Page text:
Getting a small-business loan can be a convoluted and frustrating process. Just when you think you’ve provided all the required information the loan officer or underwriter asks for “just one more piece of information.” It’s enough to drive an entrepreneur crazy.
In today’s economic climate, lenders may ask for something that hasn’t usually been a requirement until now: life insurance on all the parties involved in the loan repayment (meaning you and any guarantors).
Years ago, requiring a borrower to get life insurance and then assign enough of it to the lender to pay off the loan in case the borrower died was pretty common. The requirement disappeared as competition amongst lenders heated up but now it’s back.
In most cases, a term life insurance policy is enough. Just make sure the face value (the amount paid if the insured person dies) is enough to pay your share of the loan and any other costs your business might incur if you die suddenly. If there are other loan participants or guarantors they’ll need life insurance as well.
There are two basic types of term life insurance:
- Level premium: The payment stays the same for a guaranteed period of time, which is generally between 5 and 30 years.
- Annual renewable term: The premium goes up each year, starting lower than level premium term life insurance but quickly getting more expensive for the same face value.
If you have long-term or more complicated life insurance needs you may want to obtain a lot more term life insurance. Then this insurance can function on multiple levels in the event of an unexpected death by acting as a loan guarantee, providing key-person insurance for business liquidity needs, and possibly funding a buy-sell agreement.
If you want this life insurance to endure beyond the period required for a loan guarantee you have to keep in mind that (1) if you choose term life insurance, make sure the level-premium period (the term) is equal to the period you plan to be in business and (2) annual renewable term life insurance probably won’t work here.
To get maximum functionality out of your life insurance policy, you may need to consider one of the many forms of “permanent” life insurance. This is much more expensive but offers a wealth of options and flexibility.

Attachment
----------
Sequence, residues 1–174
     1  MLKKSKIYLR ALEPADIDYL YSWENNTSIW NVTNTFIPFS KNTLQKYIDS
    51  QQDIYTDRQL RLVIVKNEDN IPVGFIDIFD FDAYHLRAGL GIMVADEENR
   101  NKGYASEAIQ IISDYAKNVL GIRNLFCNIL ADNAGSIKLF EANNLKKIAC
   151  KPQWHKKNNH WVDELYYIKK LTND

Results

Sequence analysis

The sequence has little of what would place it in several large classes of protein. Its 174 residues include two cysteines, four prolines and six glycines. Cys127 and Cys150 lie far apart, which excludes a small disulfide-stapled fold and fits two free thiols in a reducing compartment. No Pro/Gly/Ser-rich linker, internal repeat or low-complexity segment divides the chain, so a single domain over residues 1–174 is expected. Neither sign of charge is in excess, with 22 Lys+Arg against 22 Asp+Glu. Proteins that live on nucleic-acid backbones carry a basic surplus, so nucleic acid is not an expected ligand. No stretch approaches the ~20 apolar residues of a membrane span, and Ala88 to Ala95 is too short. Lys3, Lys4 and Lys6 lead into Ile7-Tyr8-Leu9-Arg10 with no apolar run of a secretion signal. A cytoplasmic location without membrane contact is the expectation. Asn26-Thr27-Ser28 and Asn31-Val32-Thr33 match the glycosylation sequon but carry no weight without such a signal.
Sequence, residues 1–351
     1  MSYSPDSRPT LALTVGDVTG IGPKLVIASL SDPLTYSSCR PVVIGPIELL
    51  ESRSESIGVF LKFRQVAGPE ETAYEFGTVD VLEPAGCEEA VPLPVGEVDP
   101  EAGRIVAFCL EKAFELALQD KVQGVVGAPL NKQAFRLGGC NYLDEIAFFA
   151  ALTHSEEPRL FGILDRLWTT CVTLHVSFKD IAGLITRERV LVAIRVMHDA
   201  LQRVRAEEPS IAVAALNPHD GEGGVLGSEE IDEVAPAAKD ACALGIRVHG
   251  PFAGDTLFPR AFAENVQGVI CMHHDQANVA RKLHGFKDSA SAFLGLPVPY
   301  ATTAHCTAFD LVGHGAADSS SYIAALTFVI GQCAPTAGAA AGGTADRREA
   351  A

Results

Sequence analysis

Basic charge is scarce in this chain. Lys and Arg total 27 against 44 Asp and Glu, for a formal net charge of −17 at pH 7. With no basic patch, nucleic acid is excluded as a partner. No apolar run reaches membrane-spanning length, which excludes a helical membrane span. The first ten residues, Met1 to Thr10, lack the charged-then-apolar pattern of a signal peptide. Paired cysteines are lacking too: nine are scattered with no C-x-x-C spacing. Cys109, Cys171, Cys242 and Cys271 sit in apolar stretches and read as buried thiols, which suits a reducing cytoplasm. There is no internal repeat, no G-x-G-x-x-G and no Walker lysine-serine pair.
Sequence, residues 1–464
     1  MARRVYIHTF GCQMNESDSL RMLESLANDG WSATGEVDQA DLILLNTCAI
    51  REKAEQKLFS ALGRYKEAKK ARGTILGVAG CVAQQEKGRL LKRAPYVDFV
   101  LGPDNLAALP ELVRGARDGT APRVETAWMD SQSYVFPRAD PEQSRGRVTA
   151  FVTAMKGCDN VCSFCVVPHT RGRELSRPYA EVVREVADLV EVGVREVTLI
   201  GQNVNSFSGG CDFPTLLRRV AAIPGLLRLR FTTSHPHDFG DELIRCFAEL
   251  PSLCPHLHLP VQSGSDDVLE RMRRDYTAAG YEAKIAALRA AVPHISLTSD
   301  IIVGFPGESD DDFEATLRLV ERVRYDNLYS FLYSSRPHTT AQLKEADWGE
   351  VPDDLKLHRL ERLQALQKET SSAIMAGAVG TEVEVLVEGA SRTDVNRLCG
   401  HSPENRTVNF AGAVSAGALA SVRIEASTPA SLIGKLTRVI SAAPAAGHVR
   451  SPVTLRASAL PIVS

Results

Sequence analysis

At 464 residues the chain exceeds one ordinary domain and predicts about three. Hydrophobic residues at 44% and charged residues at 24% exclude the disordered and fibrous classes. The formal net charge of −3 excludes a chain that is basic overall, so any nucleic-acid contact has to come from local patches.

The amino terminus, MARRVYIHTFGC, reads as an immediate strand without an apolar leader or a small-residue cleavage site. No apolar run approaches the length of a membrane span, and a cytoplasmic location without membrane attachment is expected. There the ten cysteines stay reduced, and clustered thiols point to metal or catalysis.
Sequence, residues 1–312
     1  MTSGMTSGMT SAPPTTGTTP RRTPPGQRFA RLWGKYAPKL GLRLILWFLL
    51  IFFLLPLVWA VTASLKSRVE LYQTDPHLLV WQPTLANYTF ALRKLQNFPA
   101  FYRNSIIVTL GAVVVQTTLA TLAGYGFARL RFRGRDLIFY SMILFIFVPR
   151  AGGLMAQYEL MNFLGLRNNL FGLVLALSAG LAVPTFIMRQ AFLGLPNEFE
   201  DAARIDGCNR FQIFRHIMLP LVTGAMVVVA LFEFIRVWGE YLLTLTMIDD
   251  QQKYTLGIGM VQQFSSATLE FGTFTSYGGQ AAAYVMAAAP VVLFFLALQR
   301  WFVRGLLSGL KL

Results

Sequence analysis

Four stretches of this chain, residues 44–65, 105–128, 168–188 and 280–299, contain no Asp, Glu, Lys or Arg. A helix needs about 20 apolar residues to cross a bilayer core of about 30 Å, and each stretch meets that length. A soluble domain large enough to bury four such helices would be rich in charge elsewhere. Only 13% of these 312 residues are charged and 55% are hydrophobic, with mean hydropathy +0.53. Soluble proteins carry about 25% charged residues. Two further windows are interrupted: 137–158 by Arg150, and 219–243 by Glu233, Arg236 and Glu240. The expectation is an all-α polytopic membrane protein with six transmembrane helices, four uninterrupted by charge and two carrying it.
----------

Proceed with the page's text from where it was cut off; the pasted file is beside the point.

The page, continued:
Before making any choices about life insurance you should consult a financial services professional licensed for life insurance and an attorney who specializes in small business matters.
It’s generally not a good idea to deduct life insurance premiums. Deducting the premiums may seem like a good tax break now but it means that if the policy ever pays off the proceeds will likely be fully taxable. If you don’t deduct the premium payments the proceeds are usually considered a “return of premiums paid” and are therefore tax-free.
Once you’ve been approved for and actually purchased the life insurance, you’ll need an “assignment form” of some sort to make the lender the beneficiary of enough of the proceeds to pay off the loan balance if you die. This form is usually provided by the insurance company but may come from the lender. Using this form, you make the lender the beneficiary of whatever amount is needed to pay off your loan (not a fixed dollar amount). You also name the normal beneficiary or beneficiaries who will receive the balance.
Until you have the insurance and have assigned the lender its fair share, you probably won’t get loan approval. Life insurance takes time, so plan accordingly.
Note that while a lender can normally require you to get enough life insurance to pay off a loan, lenders usually aren’t allowed to require you to buy insurance through them, their subsidiaries, or any place they recommend.
Janet Arrowood is the managing director of Write Source. She can be reached at email@example.com.